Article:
Published on: July 31, 2019

    The Los Angeles Times reports that the University of California Santa Barbara has filed suit against five retailers - Amazon, Walmart, Target, Ikea and Bed Bath & Beyond - claiming that they should be paying it royalties on light bulb sales.

    Specifically at issue at “vintage-style LED lightbulbs” that are energy efficient but designed to “imitate the iconic look of the incandescent bulbs developed by Thomas Edison almost a century and a half ago. The dangling Edison bulbs, with their old-fashioned look, glowing filaments and sepia tones, are popular at restaurants and with modern home designers.”

    The suit is based on the school’s claim that researchers at its Solid State Lighting and Energy Electronics Center developed the technology allowing “an exposed filament that disperses light in all directions.”

    According to the story, “Seth Levy, the lawyer representing the university, said the school had approached some of the retailers to seek a licensing agreement and was rebuffed. The bulbs are all made overseas by many manufacturers, so suing the sellers is more efficient than trying to track down all the manufacturers.”
    KC's View:
    I guess the school has to look for funding sources in new places now that it can’t depend on parents willing to write big checks to get their less-than-qualified kids admitted. (Just kidding.)

    My first reaction to this is that the school is looking for funding in all the wrong places, searching for money in too many places. I’m not sure how retailers can be held culpable for this, if all they are doing is buying the bulbs from manufacturers. But, there recently was a court decision saying that Amazon was responsible for the products sold on its Marketplace site by third-party purveyors, so anything is possible.

    Published on: July 31, 2019

    In the UK, the Retail Gazette reports on how Walmart-owned Asda Group used 90,000 plastic water bottles to repave one of its parking lots.

    According to the story, “The bottles, which were turned into tarmac, would have otherwise gone to landfill or incineration … The plastic was ground to tiny pieces and then mixed with asphalt, which sets to form the tarmac.”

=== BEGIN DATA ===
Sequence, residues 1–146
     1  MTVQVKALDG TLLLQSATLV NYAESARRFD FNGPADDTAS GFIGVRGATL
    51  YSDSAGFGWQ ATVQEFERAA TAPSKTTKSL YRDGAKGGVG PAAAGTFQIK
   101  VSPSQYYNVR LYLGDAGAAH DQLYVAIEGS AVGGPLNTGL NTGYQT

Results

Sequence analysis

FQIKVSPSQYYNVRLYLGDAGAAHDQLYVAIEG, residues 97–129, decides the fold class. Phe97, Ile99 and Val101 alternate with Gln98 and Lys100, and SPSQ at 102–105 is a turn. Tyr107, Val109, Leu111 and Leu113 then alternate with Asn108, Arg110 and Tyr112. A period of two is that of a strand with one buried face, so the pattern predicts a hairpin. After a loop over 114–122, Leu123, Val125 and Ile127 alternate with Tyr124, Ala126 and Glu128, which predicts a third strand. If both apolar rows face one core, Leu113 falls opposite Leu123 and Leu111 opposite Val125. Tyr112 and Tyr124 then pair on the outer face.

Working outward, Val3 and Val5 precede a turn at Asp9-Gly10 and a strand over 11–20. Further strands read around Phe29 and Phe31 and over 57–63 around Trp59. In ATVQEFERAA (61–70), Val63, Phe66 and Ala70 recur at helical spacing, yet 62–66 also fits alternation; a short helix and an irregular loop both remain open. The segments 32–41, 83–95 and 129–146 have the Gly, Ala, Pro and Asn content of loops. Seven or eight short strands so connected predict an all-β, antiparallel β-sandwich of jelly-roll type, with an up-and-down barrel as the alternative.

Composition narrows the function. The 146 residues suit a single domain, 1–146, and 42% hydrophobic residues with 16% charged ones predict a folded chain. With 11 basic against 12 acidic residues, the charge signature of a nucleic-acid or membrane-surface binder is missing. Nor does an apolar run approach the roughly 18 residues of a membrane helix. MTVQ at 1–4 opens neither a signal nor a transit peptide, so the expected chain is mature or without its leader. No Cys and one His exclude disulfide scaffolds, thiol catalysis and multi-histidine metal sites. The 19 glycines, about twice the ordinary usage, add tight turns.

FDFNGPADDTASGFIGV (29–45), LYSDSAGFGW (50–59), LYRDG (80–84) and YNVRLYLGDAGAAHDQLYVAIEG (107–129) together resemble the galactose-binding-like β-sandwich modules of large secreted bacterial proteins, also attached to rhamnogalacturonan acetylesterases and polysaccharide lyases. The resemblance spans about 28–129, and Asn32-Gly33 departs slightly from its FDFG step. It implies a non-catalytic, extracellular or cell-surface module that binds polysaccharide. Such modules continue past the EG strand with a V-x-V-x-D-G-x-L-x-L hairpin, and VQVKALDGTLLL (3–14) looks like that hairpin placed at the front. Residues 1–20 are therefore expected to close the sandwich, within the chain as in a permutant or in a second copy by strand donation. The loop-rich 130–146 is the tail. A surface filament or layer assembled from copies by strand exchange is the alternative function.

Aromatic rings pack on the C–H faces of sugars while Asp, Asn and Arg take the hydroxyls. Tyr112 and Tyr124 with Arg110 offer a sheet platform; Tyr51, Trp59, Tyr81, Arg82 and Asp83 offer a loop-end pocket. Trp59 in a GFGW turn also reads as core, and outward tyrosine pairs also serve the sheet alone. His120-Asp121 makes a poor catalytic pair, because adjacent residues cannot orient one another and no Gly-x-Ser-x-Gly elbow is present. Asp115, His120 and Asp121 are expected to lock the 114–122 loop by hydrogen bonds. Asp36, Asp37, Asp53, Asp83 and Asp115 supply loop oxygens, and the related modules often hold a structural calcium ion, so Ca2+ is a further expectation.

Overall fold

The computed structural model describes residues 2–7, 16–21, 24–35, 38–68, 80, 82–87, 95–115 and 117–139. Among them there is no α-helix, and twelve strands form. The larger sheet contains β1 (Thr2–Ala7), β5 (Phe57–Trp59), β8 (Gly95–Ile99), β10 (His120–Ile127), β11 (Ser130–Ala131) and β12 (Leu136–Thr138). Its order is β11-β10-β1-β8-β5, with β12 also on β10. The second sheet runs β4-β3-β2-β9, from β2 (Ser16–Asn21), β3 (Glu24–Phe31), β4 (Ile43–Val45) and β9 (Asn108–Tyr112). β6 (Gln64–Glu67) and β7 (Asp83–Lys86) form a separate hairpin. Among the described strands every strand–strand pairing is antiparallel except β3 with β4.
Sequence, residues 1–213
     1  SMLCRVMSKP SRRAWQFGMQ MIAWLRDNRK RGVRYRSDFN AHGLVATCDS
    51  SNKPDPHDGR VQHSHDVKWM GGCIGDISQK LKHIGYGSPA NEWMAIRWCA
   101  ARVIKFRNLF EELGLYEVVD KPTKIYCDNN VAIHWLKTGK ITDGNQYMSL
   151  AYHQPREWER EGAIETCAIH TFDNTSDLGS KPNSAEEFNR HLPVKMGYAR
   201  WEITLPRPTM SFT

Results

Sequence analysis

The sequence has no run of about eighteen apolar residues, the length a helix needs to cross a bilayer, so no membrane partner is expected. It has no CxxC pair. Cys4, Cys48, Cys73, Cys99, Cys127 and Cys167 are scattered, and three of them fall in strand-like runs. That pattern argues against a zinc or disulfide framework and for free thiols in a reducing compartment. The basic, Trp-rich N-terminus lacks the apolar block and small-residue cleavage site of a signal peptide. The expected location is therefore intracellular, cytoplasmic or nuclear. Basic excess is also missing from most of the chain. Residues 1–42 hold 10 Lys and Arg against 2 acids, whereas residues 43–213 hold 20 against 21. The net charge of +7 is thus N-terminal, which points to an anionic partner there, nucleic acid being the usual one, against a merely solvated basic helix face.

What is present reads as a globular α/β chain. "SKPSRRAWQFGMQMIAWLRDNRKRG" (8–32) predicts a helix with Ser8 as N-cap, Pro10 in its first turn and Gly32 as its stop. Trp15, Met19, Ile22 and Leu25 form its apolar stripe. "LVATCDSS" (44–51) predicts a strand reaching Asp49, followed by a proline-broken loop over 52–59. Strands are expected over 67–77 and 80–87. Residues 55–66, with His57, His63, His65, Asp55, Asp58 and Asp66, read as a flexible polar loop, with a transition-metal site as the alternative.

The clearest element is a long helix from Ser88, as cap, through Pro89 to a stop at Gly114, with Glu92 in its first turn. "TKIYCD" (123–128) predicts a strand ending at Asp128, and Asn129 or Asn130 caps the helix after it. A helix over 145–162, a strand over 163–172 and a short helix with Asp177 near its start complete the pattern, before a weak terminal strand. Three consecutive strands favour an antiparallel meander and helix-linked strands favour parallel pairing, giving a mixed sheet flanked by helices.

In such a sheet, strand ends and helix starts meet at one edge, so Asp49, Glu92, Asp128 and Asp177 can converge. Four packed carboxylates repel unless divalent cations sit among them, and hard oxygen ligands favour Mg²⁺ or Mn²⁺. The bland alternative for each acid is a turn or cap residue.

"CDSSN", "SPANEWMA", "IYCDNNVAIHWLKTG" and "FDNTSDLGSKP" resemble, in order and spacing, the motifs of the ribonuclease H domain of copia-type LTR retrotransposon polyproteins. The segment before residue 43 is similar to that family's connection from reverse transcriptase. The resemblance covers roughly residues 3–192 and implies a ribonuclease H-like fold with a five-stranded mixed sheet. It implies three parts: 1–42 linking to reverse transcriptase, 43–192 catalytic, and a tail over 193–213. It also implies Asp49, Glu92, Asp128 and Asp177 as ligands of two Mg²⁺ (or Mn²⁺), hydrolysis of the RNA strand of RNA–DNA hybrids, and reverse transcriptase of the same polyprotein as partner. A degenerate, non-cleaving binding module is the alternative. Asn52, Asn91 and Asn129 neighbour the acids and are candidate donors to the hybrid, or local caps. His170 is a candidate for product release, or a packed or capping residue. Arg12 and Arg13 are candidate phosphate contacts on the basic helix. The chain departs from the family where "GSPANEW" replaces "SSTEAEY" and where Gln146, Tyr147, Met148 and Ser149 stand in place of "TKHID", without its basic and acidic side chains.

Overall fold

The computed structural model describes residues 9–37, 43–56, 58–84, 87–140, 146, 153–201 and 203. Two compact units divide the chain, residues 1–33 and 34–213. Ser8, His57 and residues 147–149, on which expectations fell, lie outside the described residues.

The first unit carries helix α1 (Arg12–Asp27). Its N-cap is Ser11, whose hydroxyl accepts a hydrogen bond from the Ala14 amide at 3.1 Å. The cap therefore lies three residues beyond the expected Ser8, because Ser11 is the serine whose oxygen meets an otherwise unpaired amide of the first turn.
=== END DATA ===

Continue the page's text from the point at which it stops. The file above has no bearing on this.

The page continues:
The Gazette says that Asda points out that “the use of plastic bottles reduced the amount of virgin petroleum needed in the process – thus reducing the carbon footprint. It added that the initiative could be used in other car parks across its store estate.”
    KC's View:
    There’s so much discussion of recycling and so many stores collecting plastic … you’d think that more retailers would use this technique to repave their parking lots and point out to their shoppers the direct line between all their environmental efforts and actual results. Most people want to do the right thing, but it helps when they understand the narrative behind their efforts.

    Kudos to Asda. Very smart.

    I think this stuff is really important. It is worth noting that yesterday, InterContinental Hotels Group, which owns the Holiday Inn and InterContinental hotel brands, announced that it no longer will feature mini bottles of shampoos and toiletries in its rooms, but now will have bulk-sized amenities - the goal being to reduce the use of plastic.

    This is no small thing - the company estimates that its more than 5,600 hotels uses an average of 200 million bathroom miniatures every year.


    It also was interesting to see the CNN story saying that Coca-Cola and PepsiCo are pulling out of the the Plastics Industry Association, which has lobbied heavily for “states to make plastic bans illegal.” The story says that the two soft drink companies were concerned that participation in the group “could tarnish Coca-Cola and Pepsi's images as companies working to find solutions to plastic pollution.”

    According to the story, “The association took positions that ‘were not fully consistent with our commitments and goals,’ Coca-Cola said in a statement last week, noting that it withdrew from the group earlier this year. Pepsi said it had joined the association to learn about innovation as it works to ‘achieve a circular economy for plastics … We do not participate in the policy advocacy work of the association or its subsidiaries, and our membership will conclude at the end of this year,’ Pepsi said.”

    Seems to me that when two major soft drink companies say that a plastics association’s positions are inconsistent with theirs, it means that the association sort of has a credibility problem.

    Published on: July 31, 2019

    Bloomberg reports that the Sears Estate - which is what was left after it sold off what remains of the retailer’s assets to the company’s former CEO, Eddie Lampert - has made an offer to retired employees with whom it is looking to settle a dispute over a terminated life insurance plan.

    $135. Each.

    The story says that “the retiree plan provided policies to about 29,000 former workers with death benefits between $5,000 and $14,500,” but because of the estate’s limited resources, estimated payouts under the proposed settlement would be less than three percent of the benefit.

    The settlement is being submitted to the bankruptcy court that is overseeing the Sears Estate’s affairs; the story points out that the estate needs to resolve this issue in order to resolve all its bankruptcy issues.

    The retirees are not impressed. “‘The new plan is totally unacceptable to the retirees,’ said Ronald Olbrysh, chairman of the National Association of Retired Sears Employees. He added that many Sears retirees aren’t able to obtain new life insurance policies now because they’re too old.”
    KC's View: